destruction" and will drag the
British people into "another
bloody and unwinnable war."
In the video, according to a
transcript provided by SITE,
Haines says that he holds
Cameron "entirely responsible
for my execution" because Britain
has "voluntarily entered into a
coalition with the United States
against the Islamic state."
British media have reported
that Haines, who is married to
a Croatian woman, was educated
in Perth, Scotland, and spent 11
years serving in the British Royal
Air Force before becoming an
international aid worker. Britain's
Press Association said Haines
had a teenage daughter in Scot-
land from a previous marriage
and a 4-year-old daughter from
his present marriage.
New video shows beheading
of British aid worker
WASHINGTON---The White House will find coun-
tries willing to send combat troops to fight Islamic
extremists in Syria and Iraq, but it s too early to
White House chief of staff Denis McDonough
yesterday signaled that the State Department in
coming days will name allies that will pledge ground
troops to fight the Islamic State group, something
the United States does not plan to do.
Meantime, McDonough said, US personnel will
train and equip Iraqi forces and moderate Syrian
rebels to combat the extremist group, also known
as Isis and Isil.
President Barack Obama announced Wednesday
that the United States will ramp up air strikes and
try to build an international coalition to degrade and
eventually destroy the group. The Islamic State group
released a video late Saturday showing a militant
beheading a British aid worker. It was similar to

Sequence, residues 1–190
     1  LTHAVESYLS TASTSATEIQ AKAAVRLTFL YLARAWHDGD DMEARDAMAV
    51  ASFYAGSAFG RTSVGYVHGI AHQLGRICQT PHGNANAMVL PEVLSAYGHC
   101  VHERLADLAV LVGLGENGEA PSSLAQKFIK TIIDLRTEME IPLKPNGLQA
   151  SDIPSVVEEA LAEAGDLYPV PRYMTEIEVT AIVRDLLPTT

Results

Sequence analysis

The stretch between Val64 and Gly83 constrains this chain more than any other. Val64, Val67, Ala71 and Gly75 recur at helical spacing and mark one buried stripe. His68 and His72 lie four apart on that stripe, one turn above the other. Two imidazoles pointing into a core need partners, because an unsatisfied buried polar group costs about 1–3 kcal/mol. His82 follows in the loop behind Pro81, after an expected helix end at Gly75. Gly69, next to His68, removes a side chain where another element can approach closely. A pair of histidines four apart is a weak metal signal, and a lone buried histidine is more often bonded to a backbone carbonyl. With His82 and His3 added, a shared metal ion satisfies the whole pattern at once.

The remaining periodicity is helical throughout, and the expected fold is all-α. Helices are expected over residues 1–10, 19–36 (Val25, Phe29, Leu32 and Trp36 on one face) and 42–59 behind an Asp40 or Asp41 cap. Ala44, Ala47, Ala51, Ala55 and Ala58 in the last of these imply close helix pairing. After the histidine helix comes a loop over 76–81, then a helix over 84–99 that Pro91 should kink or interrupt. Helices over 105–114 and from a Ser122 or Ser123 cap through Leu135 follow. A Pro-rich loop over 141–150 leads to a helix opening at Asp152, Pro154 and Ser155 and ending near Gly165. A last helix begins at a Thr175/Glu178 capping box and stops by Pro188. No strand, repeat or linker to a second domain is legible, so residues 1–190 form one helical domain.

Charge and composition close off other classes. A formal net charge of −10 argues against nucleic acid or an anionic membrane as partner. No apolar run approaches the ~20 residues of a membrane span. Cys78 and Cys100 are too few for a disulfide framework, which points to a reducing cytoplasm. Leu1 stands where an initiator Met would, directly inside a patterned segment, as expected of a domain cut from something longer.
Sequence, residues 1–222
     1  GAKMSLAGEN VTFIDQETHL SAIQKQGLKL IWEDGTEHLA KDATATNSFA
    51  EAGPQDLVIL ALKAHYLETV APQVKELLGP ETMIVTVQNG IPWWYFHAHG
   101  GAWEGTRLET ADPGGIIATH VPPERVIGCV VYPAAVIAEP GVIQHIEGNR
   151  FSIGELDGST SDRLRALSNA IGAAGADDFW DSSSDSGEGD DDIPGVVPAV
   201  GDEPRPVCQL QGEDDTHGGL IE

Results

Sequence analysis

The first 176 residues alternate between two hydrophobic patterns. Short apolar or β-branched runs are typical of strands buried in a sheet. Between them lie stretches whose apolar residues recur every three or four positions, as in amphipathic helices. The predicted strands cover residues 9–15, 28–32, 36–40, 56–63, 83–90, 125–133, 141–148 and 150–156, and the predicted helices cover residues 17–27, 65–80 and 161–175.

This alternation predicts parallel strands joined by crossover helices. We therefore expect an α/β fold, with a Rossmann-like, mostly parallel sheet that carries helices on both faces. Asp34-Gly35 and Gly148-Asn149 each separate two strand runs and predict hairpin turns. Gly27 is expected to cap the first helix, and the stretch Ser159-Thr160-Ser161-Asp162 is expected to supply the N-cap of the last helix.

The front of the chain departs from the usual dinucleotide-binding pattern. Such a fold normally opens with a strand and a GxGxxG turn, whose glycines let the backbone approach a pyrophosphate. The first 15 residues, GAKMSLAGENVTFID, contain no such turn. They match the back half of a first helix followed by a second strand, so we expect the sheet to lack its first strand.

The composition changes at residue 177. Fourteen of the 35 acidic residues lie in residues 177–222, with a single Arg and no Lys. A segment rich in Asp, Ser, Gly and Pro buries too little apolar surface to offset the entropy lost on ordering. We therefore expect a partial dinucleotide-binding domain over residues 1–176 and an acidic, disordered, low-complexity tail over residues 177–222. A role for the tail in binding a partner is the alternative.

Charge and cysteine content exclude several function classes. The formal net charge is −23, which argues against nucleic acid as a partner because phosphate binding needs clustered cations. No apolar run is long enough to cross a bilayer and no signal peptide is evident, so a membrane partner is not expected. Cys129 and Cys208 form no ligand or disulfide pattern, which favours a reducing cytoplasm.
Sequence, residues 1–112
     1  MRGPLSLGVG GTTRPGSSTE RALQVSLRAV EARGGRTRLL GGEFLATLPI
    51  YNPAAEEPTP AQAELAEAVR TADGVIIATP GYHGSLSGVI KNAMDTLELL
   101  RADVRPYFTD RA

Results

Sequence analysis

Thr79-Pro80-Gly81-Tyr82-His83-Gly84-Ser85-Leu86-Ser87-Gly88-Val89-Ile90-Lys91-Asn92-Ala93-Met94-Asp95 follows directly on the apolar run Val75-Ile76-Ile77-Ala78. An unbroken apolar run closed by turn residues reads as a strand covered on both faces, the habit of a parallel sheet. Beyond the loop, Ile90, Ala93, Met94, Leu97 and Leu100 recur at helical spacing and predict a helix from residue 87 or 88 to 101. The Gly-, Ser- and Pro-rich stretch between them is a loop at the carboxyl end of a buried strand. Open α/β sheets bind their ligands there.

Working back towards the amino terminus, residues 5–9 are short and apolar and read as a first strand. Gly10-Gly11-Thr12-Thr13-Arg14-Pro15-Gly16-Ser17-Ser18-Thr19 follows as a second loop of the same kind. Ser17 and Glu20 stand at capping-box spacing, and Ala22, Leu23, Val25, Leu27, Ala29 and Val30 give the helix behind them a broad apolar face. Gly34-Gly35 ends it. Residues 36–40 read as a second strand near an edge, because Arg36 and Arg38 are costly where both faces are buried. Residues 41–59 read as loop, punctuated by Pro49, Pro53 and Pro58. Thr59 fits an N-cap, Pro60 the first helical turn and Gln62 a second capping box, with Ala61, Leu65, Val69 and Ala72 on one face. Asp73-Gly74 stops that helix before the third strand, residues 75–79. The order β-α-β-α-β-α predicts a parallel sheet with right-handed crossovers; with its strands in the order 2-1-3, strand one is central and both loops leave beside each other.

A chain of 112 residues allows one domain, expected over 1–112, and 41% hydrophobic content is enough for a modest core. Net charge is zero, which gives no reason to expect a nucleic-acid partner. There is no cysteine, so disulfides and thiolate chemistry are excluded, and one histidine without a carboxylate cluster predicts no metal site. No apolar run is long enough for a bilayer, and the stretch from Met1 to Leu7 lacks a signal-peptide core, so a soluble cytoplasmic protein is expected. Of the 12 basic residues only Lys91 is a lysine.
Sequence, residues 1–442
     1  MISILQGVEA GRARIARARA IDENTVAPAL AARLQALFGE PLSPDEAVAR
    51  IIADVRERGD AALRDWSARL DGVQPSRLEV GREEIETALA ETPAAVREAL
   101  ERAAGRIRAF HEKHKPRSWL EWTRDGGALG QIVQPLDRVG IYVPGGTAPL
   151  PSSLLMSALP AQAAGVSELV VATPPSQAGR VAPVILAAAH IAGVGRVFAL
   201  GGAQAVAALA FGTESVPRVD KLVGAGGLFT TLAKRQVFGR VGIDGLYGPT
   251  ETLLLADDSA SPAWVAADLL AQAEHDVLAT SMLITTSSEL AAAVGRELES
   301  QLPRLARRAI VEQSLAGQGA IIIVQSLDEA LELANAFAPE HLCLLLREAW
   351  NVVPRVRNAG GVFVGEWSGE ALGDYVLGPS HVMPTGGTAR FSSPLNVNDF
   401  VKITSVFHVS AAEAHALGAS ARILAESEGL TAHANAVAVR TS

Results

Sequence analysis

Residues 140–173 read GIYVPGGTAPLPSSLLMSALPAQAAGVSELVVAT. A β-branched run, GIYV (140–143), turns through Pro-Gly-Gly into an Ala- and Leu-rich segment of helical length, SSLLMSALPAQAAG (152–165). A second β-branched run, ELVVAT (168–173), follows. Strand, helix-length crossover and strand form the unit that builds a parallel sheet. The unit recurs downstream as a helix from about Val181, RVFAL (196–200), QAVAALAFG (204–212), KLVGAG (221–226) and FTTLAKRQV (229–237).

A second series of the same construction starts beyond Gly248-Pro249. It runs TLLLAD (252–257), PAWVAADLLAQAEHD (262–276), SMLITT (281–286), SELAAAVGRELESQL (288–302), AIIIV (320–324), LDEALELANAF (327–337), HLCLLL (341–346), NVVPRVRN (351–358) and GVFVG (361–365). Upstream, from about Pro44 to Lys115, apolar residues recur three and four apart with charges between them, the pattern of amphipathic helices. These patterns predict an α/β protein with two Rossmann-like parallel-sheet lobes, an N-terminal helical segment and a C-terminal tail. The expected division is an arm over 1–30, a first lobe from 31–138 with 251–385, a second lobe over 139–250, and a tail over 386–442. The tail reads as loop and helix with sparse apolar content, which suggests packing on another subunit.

recent beheadings of two American journalists.
Facing strong public opposition to sending US
troops back into the Middle East, Obama said he
doesn't plan to do so. But he said ground troops of
some form are essential, a point McDonough was
asked about on several talk shows Sunday.
McDonough repeatedly declined to name any
nations willing to provide ground forces, and he was
cautious in suggesting what might develop.
Pressed again on possible pledges of combat troops,
McDonough seemed slightly less hesitant. "You will
hear from Secretary Kerry that countries are saying
that they're ready to do that," he said.
Australian Prime Minister Tony Abbot said Sunday
his nation was preparing to contribute 600 troops
and up to ten military aircraft to the campaign against
the Islamic State group extremists.
For the last week, Kerry has traveled across the
Mideast, to Turkey and finally Paris, to pin down
nations on what kind of support they would give
to a global coalition.
Several Arab countries have offered to join the
United States in air strikes against Islamic State
targets, US officials said on Sunday.
The officials declined to identify which countries
had made the offers but said they were under con-
sideration as the United States begins to identify
roles for each country in its emerging coalition against
jihadists who have declared a caliphate in the heart
of the Middle East.
The addition of Arab fighter jets could strengthen
the credibility of the American-led campaign in a
region skeptical of how far Washington will commit
to a conflict in which nearly every country has a
stake, set against the backdrop of Islam's 1,300-
year-old rift between Sunnis and Shi'ites.
This undated family handout
photo shows British man Alan
Henning (right), currently held
hostage by Islamic State (IS)
and whose life was threatened
in the IS video in which they
beheaded David Haines (top).
British officials have dropped
efforts to prevent the naming
of hostage Alan Henning. In the
video, Henning is shown briefly
on camera and also threatened